Different techniques of Pharmaceutical analysis
Pharmaceutical analysis involves the development and application of methods to determine the identity, purity, quality, and quantity of pharmaceutical substances and formulations. There are several techniques used in pharmaceutical analysis, including:
This is a group of techniques used to separate and analyze components of a mixture. Common types of chromatography used in pharmaceutical analysis include high-performance liquid chromatography (HPLC), gas chromatography (GC), and thin-layer chromatography (TLC).
This is a group of techniques used to measure the interaction between electromagnetic radiation and matter. Common types of spectroscopy used in pharmaceutical analysis include ultraviolet-visible (UV-Vis) spectroscopy, infrared (IR) spectroscopy, and nuclear magnetic resonance (NMR) spectroscopy.
This is a technique used to separate and analyze charged particles in a solution. Common types of electrophoresis used in pharmaceutical analysis include capillary electrophoresis (CE) and gel electrophoresis.
This is a technique used to measure the mass-to-charge ratio of ions. Mass spectrometry is used to identify and quantify the components of a mixture.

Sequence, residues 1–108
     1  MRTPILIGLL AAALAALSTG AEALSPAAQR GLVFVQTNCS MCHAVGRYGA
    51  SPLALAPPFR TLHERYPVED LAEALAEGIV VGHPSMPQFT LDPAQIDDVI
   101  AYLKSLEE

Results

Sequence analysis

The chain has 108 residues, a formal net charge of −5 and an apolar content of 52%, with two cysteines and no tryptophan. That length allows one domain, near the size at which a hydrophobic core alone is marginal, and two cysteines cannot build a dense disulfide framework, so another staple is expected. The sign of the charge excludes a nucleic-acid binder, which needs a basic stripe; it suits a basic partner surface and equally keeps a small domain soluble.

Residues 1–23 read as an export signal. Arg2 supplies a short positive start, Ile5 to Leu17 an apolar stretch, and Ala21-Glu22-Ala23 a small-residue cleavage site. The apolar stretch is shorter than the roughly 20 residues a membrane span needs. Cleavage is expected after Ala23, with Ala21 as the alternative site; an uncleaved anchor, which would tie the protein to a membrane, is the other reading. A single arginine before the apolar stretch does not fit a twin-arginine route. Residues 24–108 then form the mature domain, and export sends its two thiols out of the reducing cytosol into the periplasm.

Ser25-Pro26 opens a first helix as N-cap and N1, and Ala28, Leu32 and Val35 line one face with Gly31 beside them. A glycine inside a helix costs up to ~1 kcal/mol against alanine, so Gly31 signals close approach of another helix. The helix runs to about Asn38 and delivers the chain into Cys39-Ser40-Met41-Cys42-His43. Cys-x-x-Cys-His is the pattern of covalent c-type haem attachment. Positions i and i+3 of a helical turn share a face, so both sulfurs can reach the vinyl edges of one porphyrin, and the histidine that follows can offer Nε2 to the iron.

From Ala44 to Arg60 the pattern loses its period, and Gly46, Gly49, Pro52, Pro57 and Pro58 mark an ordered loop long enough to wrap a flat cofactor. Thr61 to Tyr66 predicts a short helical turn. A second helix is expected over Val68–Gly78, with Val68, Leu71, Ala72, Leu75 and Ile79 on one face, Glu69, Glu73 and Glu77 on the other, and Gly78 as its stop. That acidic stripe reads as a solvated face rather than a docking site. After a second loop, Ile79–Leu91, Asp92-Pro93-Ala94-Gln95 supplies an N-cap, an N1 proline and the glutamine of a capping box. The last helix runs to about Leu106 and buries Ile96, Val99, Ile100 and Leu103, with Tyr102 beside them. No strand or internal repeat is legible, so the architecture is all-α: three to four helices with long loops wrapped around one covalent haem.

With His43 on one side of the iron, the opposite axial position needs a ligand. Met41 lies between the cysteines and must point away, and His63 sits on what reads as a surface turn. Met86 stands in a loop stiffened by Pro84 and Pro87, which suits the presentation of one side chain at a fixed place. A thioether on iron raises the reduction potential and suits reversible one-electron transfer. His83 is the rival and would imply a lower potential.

This is a group of techniques used to measure changes in a sample’s physical or chemical properties as a function of temperature or time. Common types of thermal analysis used in pharmaceutical analysis include differential scanning calorimetry (DSC) and thermogravimetric analysis (TGA).
This is a group of techniques used to examine the morphology and structure of a sample. Common types of microscopy used in pharmaceutical analysis include light microscopy, scanning electron microscopy (SEM), and transmission electron microscopy (TEM).
This is a technique used to determine the concentration of a substance in a sample by reacting it with a solution of known concentration. Common types of titration used in pharmaceutical analysis include acid-base titration, redox titration, and complexometric titration.
Overall, the choice of technique will depend on the specific needs of the analysis, the characteristics of the sample, and the sensitivity and accuracy required for the analysis.
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